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Germination and Growth of Three Tree Species under Four Photoperiods

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The effects of four photoperiods: [natural (3.7 hours), 8, 8+2, and 16 hours] was determined for Caragana arborescens, Picea pungens, and Pinus sylvestris (2 seed sources). Germination capacity of the seed was not influenced by the photo-periods tested, but rate of germination was increased for all three species by the 16-hour photoperiod. Caragana seedlings grew continuously under short- and long-day photoperiods, the rate of growth being directly proportional to the photoperiod. Growth of Picea and Pinus seedlings was continuous only under the 16-hour photo-period, but terminated under 8 and 8+2 hour exposures. Response of Pinus seedlings to photoperiod exposures was conditioned to some extent by geographic origin of the seed. All three species of trees could be sown and cultured under 16-hour photoperiods for winter forcing in a tree breeding program.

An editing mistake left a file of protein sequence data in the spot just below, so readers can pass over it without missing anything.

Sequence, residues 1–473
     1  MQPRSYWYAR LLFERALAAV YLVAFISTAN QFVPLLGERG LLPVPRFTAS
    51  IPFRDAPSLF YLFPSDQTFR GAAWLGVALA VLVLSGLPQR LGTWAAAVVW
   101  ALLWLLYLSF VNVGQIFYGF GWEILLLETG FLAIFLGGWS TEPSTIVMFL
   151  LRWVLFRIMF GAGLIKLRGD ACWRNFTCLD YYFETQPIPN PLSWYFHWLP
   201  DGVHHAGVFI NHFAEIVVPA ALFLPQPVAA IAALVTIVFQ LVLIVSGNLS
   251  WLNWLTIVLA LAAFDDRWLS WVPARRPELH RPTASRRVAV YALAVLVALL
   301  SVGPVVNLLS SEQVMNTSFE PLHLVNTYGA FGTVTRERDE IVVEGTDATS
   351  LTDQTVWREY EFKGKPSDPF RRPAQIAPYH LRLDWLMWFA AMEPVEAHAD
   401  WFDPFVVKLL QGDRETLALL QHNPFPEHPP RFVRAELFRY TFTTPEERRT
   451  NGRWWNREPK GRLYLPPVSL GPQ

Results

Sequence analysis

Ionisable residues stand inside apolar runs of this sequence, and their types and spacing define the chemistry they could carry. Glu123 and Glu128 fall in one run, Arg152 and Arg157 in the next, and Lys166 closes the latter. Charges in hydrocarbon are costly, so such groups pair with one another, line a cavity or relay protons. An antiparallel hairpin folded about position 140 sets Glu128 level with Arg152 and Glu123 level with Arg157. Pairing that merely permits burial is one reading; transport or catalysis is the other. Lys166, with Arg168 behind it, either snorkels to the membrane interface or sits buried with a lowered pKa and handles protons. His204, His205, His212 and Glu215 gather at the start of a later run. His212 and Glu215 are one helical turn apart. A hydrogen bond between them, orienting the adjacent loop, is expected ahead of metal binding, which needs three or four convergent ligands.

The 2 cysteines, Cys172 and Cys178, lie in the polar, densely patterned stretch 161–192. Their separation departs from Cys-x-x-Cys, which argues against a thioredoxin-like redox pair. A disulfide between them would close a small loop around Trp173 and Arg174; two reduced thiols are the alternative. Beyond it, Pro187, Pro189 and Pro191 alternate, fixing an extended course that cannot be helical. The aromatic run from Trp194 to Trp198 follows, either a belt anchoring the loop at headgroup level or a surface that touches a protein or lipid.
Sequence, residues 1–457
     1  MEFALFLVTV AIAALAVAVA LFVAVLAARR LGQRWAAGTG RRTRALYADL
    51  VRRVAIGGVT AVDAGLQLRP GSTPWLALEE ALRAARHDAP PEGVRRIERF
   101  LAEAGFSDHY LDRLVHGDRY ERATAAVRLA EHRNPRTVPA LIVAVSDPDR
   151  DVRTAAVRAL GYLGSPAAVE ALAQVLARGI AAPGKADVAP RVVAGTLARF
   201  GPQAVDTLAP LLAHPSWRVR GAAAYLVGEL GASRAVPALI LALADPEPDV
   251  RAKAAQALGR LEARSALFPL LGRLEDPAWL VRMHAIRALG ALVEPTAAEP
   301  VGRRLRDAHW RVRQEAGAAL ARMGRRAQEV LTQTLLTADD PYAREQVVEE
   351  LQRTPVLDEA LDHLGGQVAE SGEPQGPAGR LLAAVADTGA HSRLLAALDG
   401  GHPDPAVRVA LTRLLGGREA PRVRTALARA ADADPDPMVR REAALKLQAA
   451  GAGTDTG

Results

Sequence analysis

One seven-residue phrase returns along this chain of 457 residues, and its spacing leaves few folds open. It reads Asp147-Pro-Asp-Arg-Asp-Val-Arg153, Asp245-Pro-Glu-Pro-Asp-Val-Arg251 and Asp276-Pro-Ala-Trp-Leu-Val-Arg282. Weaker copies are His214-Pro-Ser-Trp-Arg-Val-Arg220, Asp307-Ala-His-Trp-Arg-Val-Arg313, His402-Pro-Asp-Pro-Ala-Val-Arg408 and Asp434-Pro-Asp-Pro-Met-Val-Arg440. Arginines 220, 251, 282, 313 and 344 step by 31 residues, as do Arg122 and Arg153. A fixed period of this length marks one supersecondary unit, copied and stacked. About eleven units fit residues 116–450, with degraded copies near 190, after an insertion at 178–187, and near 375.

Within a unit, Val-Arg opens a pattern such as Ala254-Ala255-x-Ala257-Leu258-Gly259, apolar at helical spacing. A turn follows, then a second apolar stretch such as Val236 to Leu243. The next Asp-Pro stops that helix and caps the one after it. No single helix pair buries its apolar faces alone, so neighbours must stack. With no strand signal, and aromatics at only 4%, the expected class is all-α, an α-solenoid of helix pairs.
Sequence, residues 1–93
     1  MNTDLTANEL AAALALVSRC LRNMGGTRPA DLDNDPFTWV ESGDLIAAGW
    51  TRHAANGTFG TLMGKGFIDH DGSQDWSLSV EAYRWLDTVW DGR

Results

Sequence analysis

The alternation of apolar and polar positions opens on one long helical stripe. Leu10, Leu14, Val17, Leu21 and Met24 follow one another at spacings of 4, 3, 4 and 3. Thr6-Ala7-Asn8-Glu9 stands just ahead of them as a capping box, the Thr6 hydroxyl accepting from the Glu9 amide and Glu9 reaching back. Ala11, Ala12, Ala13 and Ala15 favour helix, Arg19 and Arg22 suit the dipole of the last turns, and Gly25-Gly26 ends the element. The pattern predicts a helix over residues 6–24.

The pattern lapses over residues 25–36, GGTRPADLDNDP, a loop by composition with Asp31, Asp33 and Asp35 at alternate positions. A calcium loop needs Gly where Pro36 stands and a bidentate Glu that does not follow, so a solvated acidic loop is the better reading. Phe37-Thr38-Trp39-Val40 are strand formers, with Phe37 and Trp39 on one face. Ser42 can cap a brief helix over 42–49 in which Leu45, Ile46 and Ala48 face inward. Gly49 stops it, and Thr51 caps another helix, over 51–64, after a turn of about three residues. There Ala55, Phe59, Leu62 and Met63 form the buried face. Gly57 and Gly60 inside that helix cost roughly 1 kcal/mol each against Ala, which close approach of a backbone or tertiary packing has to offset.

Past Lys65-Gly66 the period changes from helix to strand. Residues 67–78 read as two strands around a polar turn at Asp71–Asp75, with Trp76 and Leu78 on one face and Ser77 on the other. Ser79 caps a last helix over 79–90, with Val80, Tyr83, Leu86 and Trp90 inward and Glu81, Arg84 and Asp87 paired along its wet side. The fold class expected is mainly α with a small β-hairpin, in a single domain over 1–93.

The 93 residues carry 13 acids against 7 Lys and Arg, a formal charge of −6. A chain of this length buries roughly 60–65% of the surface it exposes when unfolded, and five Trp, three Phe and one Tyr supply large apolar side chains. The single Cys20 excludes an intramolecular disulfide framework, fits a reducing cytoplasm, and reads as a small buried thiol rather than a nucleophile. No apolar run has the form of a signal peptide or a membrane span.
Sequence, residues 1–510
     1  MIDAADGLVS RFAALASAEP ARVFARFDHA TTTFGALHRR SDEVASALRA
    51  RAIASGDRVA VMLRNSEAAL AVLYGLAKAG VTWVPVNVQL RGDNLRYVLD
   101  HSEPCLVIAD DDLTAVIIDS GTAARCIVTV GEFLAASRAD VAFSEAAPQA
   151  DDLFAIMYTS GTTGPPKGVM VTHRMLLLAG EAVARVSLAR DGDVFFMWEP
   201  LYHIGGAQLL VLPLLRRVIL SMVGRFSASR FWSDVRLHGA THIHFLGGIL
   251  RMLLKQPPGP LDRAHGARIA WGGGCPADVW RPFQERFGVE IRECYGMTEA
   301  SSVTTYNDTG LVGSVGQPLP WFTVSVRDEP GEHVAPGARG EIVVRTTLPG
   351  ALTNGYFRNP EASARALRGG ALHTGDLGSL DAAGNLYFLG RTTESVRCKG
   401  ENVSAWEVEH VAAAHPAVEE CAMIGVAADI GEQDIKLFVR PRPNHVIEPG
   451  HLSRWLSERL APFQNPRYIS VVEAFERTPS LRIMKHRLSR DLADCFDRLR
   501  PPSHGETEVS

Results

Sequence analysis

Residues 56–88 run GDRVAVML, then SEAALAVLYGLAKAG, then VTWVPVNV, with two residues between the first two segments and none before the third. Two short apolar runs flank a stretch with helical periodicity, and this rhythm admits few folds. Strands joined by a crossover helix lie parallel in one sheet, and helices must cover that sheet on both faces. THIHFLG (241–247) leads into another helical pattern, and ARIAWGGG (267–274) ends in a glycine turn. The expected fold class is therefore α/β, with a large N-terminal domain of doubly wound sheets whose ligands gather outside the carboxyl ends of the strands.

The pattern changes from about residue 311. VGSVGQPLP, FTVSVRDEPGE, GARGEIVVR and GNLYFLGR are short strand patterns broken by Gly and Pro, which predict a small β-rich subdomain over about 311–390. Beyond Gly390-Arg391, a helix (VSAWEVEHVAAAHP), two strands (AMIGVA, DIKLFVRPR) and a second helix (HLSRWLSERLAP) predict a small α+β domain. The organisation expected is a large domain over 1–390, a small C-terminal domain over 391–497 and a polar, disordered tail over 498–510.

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Document Type: Journal Article

Affiliations: Technician Forest Nursery Station, Canada Agriculture, Indian Head, Saskatchewan

Publication date: 1963-09-01

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    Forest Science is a peer-reviewed journal publishing fundamental and applied research that explores all aspects of natural and social sciences as they apply to the function and management of the forested ecosystems of the world. Topics include silviculture, forest management, biometrics, economics, entomology & pathology, fire & fuels management, forest ecology, genetics & tree improvement, geospatial technologies, harvesting & utilization, landscape ecology, operations research, forest policy, physiology, recreation, social sciences, soils & hydrology, and wildlife management.
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